Originally Posted by obuckler View Post
... The frame is really a size too big --25.5--but once on it it rides fun. Back when I bought it my brother worked at the bike store and sold it to me. Not sure why most bikes sold back then were always too tight on the inseam? ...
This has been discussed in the past, but I can't find the thread just now. Taller frames were indeed fashionable in the 1960s and into the early 1970s. (Shown, Austrian champion Adolph Christian on a Capo Sieger.)
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Capo: 1959 Modell Campagnolo, S/N 40324; 1960 Sieger (2), S/N 42624, 42597
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Old 11-30-15, 04:20 PM
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Not painting the headbadge could be a nice "custom" touch. I planned to also customize the fork re-paint by raising the chrome socks up a couple of inches to expose more "leg!" With the paint removed the chrome is pretty nice underneath so with a little extra buffing, it looks pristine. Will look more like a Super Course or International.
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Old 11-30-15, 10:49 PM
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I had that same bike. Got it when I was about 12 years old. I rode the heck out of it as a kid. It sat in my parents garage for years and suffered from neglect. Late in college I wanted to start cycling so I dug it out and got it back on the road. It wasn't shifting well and the cottered cranks were starting to get loose. LBS basically told me that it was not worth fixing. After that, I think it went in a garage sale. I keep an eye out for one and will build one up in the future.

Enjoy it. I'll be following your project.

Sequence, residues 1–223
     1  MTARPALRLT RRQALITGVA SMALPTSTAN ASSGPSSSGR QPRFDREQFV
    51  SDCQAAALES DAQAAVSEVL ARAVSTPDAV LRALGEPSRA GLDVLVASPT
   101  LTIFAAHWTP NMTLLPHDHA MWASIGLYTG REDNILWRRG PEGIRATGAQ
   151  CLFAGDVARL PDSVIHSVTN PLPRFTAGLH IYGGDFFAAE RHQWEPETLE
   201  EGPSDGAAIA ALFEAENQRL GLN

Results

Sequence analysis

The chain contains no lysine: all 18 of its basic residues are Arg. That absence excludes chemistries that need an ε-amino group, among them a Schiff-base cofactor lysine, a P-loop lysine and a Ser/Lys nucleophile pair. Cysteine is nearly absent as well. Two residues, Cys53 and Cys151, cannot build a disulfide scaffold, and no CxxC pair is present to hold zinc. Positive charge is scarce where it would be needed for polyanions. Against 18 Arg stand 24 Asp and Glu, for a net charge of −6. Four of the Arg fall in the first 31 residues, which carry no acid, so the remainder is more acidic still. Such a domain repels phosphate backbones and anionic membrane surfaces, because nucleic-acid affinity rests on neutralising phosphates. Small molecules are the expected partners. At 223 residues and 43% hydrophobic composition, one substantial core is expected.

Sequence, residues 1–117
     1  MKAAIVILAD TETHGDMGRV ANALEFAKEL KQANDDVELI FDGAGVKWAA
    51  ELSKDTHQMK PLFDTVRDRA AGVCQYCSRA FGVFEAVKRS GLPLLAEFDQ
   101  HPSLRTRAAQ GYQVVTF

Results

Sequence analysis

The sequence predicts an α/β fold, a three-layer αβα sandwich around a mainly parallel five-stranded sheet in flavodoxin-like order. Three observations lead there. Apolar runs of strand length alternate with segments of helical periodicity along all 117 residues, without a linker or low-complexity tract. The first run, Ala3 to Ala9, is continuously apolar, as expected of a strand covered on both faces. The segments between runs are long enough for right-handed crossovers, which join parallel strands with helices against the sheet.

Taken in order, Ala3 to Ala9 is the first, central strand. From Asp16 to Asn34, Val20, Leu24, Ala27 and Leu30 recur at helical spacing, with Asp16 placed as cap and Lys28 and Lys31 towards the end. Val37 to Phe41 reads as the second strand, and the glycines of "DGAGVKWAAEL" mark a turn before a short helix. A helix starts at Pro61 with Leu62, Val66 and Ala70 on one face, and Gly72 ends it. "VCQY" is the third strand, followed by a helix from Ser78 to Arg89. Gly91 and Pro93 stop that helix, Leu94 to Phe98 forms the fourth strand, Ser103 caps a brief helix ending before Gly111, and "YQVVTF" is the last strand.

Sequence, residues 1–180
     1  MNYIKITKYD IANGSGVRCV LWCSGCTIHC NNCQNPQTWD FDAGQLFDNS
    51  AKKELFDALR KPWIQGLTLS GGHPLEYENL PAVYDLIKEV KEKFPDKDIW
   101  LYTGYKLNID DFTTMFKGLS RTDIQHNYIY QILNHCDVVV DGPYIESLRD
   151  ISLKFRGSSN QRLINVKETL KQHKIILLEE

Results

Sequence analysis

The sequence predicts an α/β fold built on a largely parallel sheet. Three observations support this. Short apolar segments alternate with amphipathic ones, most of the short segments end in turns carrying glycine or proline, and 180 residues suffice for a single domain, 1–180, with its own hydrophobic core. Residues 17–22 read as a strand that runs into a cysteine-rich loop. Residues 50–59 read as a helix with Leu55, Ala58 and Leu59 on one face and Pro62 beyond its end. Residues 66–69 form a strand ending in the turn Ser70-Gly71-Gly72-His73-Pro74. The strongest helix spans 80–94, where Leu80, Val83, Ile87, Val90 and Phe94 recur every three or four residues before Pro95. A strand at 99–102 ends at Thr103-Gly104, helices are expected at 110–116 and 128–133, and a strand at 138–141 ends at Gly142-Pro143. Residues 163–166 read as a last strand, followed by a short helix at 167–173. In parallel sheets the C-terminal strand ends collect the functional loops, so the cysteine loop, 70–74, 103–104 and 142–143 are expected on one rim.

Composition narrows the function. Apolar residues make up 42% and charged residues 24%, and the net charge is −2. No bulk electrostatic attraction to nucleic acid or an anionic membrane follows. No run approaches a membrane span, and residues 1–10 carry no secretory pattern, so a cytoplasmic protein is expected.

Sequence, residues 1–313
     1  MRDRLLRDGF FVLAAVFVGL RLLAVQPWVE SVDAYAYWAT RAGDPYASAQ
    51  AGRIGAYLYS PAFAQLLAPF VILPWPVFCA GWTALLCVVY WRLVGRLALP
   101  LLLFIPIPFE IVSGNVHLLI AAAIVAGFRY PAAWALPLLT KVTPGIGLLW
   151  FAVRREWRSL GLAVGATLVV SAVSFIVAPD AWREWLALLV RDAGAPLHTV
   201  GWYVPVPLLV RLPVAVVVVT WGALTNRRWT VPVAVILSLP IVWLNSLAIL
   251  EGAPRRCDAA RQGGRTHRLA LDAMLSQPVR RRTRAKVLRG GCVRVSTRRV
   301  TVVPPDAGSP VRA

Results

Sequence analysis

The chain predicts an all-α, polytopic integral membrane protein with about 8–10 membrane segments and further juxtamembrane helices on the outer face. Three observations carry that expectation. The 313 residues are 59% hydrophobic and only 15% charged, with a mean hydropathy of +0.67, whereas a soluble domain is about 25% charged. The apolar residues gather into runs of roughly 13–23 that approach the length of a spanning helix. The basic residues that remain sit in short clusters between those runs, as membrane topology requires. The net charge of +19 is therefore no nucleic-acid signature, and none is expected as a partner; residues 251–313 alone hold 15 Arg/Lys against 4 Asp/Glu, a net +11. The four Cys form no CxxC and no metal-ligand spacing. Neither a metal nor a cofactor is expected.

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Old 11-30-15, 11:57 PM
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I had a typical blue Raleigh Gran Prix, I didn't take to that one but I fixed my friend's blue RGP up, basically the same make and model, rode it and I thought it was truly wonderful. Perhaps the difference was the size of his was a better fit. I really wanted to make him an offer to buy it.

Raleigh Gran Prixs, one of the most common road bikes ever, I even have done a running count on what colors they came in.

Per the well known Nottingham models of the 1970s:

Blue, most common.

White
Red
Green

Not sure if one ever came out that was a yellow color, I think that would be a handsome bicycle with the typical design. There may have been some "brown" RGPs, I forget, maybe the same color as some of the women's 3-speed Raleighs.

Most common:

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Old 12-01-15, 07:22 AM
  #14  
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At the Cirque du Cyclisme in Greensboro in '06, Dave Moulton explained the changing fashion of frame sizing as a by-product of metallurgy. In the '20s and '30s, British riders rode small frames with long-ish steel seatposts, often the old 7-shaped ones where you had a horizontal extension forward (like a Major Taylor handlebar stem). The older British bikes had seat and head angles in the 60s, and a small frame with a long steel seatpost made sense, because it was the lightest setup one could easily use, especially considering the heavier frame materials of milder steel AND the expectation that a bike was not a disposable item but a durable good.

As aluminum alloys came into greater use in bike parts, the metallurgy was still a trifle suspect - so taller lightweight steel frames combined with alloy seatposts short enough to not be too likely to snap off combined with (relatively short) alloy stems and bars became the norm. In the later '70s and into the '80s, as metallurgy improved, frames got smaller again and alloy seatposts got longer - ESPECIALLY after mountain bikes came along and everyone started insisting they had to have more room between crotch and top tube.

The Raleigh Gran Prix is actually a pretty decent bike for general non-competitive cycling, and lots of people have logged millions of happy miles on them. I've owned several through the years and I am still kicking myself for letting a nice example here in town get away from me a few months back.
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Old 12-01-15, 08:05 AM
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This 80's Grand Prix has gone back to college sporting some new shoes & gloves
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Old 12-01-15, 01:32 PM
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My bike's story

(awesome bike deal4fuji)